Events and festivals are an economic and social driver of many companies, cities, regions and countries. They need to be assessed for their beneﬁts and placed in the development plans of the organisation. The only way to achieve this sensibly is to devise a framework for the development. This chapter describes how these frameworks or event strategies are created. It begins with the recognition of events as being part of a development portfolio and not isolated instances. A company or city has a range of events spread over the year. Each event is an asset and should be treated in the same way as other projects are developed and assessed. The returns on this asset assist the organisation to reach their objectives. The chapter has numerous real cases and concludes with a detailed example of a local authority.
1.1 STRATEGY CHECKLIST
A strategy is a long-term plan of action, encompassing all divisions of the organisation and designed to achieve organisation-wide goals. Once an organisation, such as a company or government department, reaches a certain level of complexity, it is necessary to have a common method and direction understood by all the divisions or departments. The strategy provides the common direction for all the subdivisions. It enables the various departments to work in their area of specialty and know they are helping the organisation as a whole. Generally large organisations have strategic plans with 3, 5 and 10-year cycles. Near the end of each cycle the past strategic plan is evaluated and the new strategic plan is developed. Despite insightful criticism of strategic planning by analysts such as Henry Mintzberg, organisations invariably use it. Understanding the strategy of an organisation is essential to understand the reason for their events and the feasibility of future events. The limitation of strategic planning is that the plan, once adopted, tends to have a life of its own, regardless of the changing conditions. The plan and the objectives ﬁlter down to all the divisions of the company. Each of the divisions formulates their own subobjectives referring to the company-wide objectives. All of this takes time and the delay in implementation should be taken into account with strategic policy. Once the objectives are formulated by the organisation’s departments, the strategic plan will push the organisation in a certain direction. Just like a large cruise liner, it is difﬁcult to turn the company once its course is set. Over a period of 5 years, the basic assumptions and projections that formed the foundation of the strategic plan may no longer align with the real Events Feasibility and Development. DOI: 10.1016/B978-0-7506-6640-4.10001-9 Copyright Ó 2011 Elsevier Ltd. All rights reserved.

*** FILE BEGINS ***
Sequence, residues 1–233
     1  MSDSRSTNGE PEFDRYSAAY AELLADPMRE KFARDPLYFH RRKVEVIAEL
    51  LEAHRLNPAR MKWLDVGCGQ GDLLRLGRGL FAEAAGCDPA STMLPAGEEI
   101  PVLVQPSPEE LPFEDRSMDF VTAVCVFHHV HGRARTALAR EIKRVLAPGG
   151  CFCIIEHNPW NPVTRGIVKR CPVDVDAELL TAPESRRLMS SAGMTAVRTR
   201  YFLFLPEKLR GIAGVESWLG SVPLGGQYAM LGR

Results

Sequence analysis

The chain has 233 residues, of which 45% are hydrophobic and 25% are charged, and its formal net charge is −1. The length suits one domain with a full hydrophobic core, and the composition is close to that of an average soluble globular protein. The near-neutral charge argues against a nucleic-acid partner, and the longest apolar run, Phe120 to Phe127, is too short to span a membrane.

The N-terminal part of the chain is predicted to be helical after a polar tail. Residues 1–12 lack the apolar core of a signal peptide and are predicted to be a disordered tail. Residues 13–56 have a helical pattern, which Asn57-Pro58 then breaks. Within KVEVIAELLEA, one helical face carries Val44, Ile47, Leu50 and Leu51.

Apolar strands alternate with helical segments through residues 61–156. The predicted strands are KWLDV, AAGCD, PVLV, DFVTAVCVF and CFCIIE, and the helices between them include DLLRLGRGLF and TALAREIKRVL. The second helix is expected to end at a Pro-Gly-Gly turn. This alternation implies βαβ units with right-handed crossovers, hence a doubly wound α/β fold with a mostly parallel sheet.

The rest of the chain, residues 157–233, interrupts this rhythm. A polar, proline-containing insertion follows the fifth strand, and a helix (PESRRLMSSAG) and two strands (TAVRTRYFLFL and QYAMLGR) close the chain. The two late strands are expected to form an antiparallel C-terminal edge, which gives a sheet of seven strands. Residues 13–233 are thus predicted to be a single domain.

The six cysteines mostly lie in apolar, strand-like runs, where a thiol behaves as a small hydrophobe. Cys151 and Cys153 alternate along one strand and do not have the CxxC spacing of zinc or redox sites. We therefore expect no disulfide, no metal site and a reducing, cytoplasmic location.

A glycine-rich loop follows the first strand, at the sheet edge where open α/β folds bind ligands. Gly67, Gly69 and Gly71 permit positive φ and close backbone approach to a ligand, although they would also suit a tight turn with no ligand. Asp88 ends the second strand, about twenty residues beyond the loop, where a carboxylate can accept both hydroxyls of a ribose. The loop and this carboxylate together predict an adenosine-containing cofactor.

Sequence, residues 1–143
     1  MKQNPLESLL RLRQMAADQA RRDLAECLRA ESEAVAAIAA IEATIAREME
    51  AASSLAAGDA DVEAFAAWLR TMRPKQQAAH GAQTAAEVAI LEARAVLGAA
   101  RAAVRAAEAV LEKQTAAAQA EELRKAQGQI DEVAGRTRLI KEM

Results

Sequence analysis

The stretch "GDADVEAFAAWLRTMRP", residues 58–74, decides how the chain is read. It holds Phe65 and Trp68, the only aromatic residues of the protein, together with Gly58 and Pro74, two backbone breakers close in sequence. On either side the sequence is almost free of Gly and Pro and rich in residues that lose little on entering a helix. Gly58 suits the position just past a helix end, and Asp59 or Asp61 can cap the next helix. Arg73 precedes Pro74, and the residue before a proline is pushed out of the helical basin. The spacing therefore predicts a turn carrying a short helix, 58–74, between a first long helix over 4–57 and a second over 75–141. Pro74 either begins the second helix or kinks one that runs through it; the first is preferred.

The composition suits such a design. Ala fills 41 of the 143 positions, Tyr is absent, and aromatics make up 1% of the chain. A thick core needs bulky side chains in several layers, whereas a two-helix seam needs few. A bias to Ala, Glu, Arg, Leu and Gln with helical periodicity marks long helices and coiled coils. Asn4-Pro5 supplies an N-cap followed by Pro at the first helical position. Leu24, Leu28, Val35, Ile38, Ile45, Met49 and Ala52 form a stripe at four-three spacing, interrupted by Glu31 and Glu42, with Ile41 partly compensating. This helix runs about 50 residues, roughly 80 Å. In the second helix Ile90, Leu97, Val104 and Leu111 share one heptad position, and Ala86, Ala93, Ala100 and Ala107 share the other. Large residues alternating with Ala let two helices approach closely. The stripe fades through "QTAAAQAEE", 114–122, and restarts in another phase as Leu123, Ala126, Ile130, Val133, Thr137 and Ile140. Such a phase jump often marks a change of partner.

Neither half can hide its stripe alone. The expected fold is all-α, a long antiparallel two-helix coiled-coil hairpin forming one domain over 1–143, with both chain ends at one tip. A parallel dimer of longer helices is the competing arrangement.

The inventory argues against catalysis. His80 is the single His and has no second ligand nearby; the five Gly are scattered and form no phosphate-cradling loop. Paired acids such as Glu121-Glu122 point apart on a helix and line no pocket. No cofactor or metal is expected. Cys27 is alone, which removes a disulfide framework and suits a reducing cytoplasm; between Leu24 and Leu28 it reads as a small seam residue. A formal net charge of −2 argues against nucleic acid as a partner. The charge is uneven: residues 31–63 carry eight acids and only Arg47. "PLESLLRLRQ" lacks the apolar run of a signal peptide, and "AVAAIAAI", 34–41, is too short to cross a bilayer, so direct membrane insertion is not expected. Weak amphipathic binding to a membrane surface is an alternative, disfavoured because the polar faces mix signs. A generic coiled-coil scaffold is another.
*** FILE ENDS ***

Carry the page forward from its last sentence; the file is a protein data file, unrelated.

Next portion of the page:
CHAPTER 1 Event strategy
world. Events can assist the company in these new conditions but they will not be supported as they do not ﬁt in with the strategic plan. Given that one of the outcomes of events is to assist change and development in a company, the lack of support for the vehicle that can realign the company is a problem. Notwithstanding these issues, the strategic plan of the key stakeholders is a vital document in the feasibility and development of events. It provides the framework and the objectives of the future of the organisation and the events that ﬁt into the strategic plan will be supported by the organisation. The strategic concerns of a key stakeholder are outlined in the example of the tourism event strategy checklist (Exhibit 1.1). It is a list of the requirements of an events strategy for a region. They are set out in heading format so that they can be dealt with in a systematic way and used as a template outline to develop the strategy.
EXHIBIT 1.1 A TOURISM EVENT STRATEGY CHECKLIST
1. Deﬁnitions a. Reﬂect the region’s tourism market strategy into an event strategy b. Extent of involvement of the event coordinator in hosting,...
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